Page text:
What time is it? It’s the most wonderful time of the year that’s what time it is. You know what that means, the new year is approaching. With a new year approaching it usually means everyone is getting set to start a bunch of new goals in the new year. “New year, new me.” “This is my year.” “New phone who dis.” These are all sayings that most of us have said at one point in time in our lives, or possibly we say this every year. We start off the new year highly ambitious, seemingly motivated, ready to tackle a CVS receipt sized list of goals. Then February rolls around and the majority of us have lost track of our goals. In January it's easy to make goals while looking at the big picture, however in February, the choices we've made can be far from those goals, so we throw in the towel. I personally have done away with the new year resolution because I discovered how I was going about it was the definition of insanity. Doing the same thing over and over again and expecting a different result. I think if we have goals why wait for the new year to start them. However, I do think it is a good idea to set some goals for what you want to accomplish in the next year as a timeline but to have some parameters in place so that you can be successful.
Often times when we set New Year’s goals we make them huge, and we make them very vague. For example “this year I am going to go to the gym.” If we have never been to the gym before in our lives this is a huge change. Usually it’s going from limited movement to a lot of movement or the potential for a lot of movement. Also, it is ultra vague. Going to the gym once would technically check that box. Not having a set number of days per week or month that you are going to go makes it challenging to adhere to the goal. So the first thing that needs to be done when making a goal is it needs to be measurable. What this would look like is “ this year I am going to go to the gym 156 days of the year.” This way you have a timetable, this year, and you have a number of times you will go, 156.
Now “this year I am going to go to the gym 156 days of the year” is a better goal from the vague goal we started off with, but it can still be even better. That goal is what I call a long term goal which is fine. However, in order to up your chance for success in the long term goal you will need some short term goals to help send you down the proper path. If your goal is to go to the gym 156 days of the year then your short term goal may be for “the first 4 weeks I am going to go to the gym 12 days.” Breaking large goals down into smaller more manageable goals makes it much easier to see success early on, which will incentivize you to continue. Some studies have shown that instant gratification is effective for long term behavioral change(click here for the study) they phrase it as little victories. These little victories are important for many of us who may not be able to keep our eyes on the prize if the prize seems so far away. Little victories are a way to make your long term goals seem more feasible. Now, in an ideal world I’d rather have people delay gratification because in general things that give us instant gratification often sideline our long term goals. Having cookies everyday, limits us from developing that six pack we really want so make sure in most cases you are still delaying gratification.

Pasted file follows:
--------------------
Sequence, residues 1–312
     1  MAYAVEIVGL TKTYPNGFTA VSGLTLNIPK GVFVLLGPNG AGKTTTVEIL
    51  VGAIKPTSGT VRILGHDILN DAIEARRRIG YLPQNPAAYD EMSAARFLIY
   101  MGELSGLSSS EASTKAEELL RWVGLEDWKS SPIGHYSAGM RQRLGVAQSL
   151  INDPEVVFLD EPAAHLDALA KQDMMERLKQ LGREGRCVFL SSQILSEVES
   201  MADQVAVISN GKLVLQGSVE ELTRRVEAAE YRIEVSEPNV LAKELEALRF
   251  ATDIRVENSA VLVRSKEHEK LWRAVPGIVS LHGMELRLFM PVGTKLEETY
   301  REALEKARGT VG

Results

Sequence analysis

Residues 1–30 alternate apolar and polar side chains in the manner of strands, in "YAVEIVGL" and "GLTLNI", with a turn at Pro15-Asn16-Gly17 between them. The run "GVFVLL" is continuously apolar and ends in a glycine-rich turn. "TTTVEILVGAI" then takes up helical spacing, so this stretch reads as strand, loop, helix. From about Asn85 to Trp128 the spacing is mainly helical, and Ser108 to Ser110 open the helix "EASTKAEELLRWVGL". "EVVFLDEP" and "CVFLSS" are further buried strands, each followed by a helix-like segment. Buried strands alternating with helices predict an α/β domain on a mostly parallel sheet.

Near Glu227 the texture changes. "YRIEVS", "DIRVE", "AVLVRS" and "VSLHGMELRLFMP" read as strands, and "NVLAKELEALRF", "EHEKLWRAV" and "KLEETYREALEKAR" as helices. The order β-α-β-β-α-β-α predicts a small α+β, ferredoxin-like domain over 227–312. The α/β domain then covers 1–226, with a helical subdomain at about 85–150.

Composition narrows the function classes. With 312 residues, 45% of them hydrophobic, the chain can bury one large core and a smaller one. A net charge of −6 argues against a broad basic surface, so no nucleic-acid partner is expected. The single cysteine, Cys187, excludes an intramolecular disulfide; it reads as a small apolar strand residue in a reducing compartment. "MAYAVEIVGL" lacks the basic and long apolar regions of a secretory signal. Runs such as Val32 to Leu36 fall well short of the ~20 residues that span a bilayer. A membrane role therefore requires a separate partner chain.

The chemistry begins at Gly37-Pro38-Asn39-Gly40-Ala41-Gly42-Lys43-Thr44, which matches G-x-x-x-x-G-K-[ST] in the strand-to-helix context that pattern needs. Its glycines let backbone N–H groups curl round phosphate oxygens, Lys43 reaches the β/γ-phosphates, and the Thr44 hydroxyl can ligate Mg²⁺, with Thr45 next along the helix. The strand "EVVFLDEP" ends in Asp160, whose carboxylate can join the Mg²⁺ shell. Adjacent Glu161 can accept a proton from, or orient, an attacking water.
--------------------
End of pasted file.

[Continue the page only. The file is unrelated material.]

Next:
SMART goals or goals that are specific, measurable, attainable, relevant and time bound is how I suggest setting up any goal. That is all great but it doesn’t help with knowing how many goals to set at once. Often times I find that people try to change too many things at once which causes them to change nothing. It is hard to try to focus on a dozen task at once. Starting with one long term goal and one short term behavioral goal and making those a habit before adding in any other goals is the way to go. You can make a list of 10 goals at the beginning of the year but label them in order of importance to you. Then start with the most important goal, make it a behavior first, then start to work on the next. It’s great to be ambitious but biting off more than you can chew can make it tough to swallow, which is the end goal after all.
Think about it this way, everything big started small. Small steps in the right direction is still progress and that’s what we should strive for. Setting your goals up so you can make small victory after small victory will make that big victory feel that much better at the end. I hope in the new year you are able to find your Power of Strength, one small victory at a time.